Porsches, Porsches everywhere. The booming popularity of nearly everybody’s favorite German sports car was powerfully evident Tuesday at the Concours on the Avenue in Carmel, California, an event considered to be the launch of Monterey Car Week.
Definitely the most-represented marque by far, Porsches packed the shady streets of the upscale burg – 911s by the score, including many intriguing customs and all-out race cars, plus an impressive collection of the earlier 356 models, with a gaggle of Speedsters, plenty of coupes and cabriolets, and an absolutely stunning 1951 356 coupe in dark maroon, a survivor from the early days of Porsche.
Ferraris were in relatively short supply, although a terrific silver Ferrari 250 GT Tour de France from the early 1960s was declared best of show, as well as apparently being the most-valuable car at the event.
About 175 cars ranging from classic Europeansto thunderous American muscle cars and hot rods were lined up on Carmel’s famed Ocean Avenue and adjacent downtown streets for the annual concours.
But even among all the collector car finery, the 1960 Dodge Phoenix hardtop with gleaming red paint was a standout, attracting loads of attention from the swirling crowd of spectators.
Jim Jacobson entertained a steady flow of his car’s admirers, taking breaks from polishing the big Dodge’s lustrous finish to answer questions and acknowledge compliments. An unabashed Mopar fan from Woodbridge, California, Jacobson said the Dodge has special personal significance.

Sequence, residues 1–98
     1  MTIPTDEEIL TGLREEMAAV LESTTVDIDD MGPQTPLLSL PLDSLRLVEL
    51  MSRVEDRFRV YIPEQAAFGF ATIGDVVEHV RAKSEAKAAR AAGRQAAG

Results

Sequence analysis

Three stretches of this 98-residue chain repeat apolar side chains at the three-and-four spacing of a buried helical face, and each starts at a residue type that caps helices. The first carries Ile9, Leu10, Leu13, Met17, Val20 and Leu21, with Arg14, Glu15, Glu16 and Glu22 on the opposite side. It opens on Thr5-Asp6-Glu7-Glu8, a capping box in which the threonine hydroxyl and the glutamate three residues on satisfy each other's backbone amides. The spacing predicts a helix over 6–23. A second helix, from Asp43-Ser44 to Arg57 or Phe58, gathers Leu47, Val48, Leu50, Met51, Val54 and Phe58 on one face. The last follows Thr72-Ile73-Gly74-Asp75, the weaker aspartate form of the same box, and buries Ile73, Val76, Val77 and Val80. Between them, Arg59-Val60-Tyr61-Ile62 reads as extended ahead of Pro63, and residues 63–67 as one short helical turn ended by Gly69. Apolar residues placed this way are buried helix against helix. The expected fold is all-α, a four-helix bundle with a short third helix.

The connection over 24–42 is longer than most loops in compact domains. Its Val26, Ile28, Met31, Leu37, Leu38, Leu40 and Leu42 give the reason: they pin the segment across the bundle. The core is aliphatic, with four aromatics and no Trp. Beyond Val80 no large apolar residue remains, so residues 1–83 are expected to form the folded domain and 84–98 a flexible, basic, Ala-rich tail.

“I had a car identical to this one when my wife and I were married in 1968,” he said. “The paint wasn’t as nice, though. “
Jacobson was looking for the replacementDodge when he spotted the right car a few years back in the listings on ClassicCars.com, he said.
He has restored the Dodge, powered by a 318cid V8, to be just like his first one, Jacobson said. The red body is accented by a sweeping white hardtop, and the interior features the same upholstery details and lavishly chromed dashboard.
Jacobson said that he and his wife, Mary Ann, frequently drive the big two-door. Its fiery-red paint and Phoenix nameplate are strikingly appropriate for a car that has risen once again in the Jacobson’s lives.
Another concours entry that continuously gathered a crowd was a Ford Econoline fitted with no fewer than four chrome-plated, supercharged V8 engines, a wild custom said by the builder to churn out 4,000 horsepower.
GTO Engineering, which specializes in the restoration and maintenance of classic Ferraris, attracted onlookers with a partially disassembled 1960 Ferrari 250 SWB coupe, which stood on jackstands with its wire-wheels and carburetors removed, a set of toolbox cabinets standing nearby. The idea was to show graphically how the company prepares Ferraris for the road or track.
But it was the Porsches that stole the show. And nobody seemed to mind.